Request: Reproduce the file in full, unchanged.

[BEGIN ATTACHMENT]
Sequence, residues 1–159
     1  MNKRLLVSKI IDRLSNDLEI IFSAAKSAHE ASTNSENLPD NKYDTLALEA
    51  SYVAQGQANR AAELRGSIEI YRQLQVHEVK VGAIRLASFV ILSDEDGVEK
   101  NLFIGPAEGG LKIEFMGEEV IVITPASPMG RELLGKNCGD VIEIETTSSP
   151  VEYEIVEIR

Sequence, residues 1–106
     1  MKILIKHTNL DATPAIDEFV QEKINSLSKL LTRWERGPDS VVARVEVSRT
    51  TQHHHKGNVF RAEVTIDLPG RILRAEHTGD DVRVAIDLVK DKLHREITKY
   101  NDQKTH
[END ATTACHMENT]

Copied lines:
Sequence, residues 1–159
     1  MNKRLLVSKI IDRLSNDLEI IFSAAKSAHE ASTNSENLPD NKYDTLALEA
    51  SYVAQGQANR AAELRGSIEI YRQLQVHEVK VGAIRLASFV ILSDEDGVEK
   101  NLFIGPAEGG LKIEFMGEEV IVITPASPMG RELLGKNCGD VIEIETTSSP
   151  VEYEIVEIR

Sequence, residues 1–106
     1  MKILIKHTNL DATPAIDEFV QEKINSLSKL LTRWERGPDS VVARVEVSRT
    51  TQHHHKGNVF RAEVTIDLPG RILRAEHTGD DVRVAIDLVK DKLHREITKY
   101  NDQKTH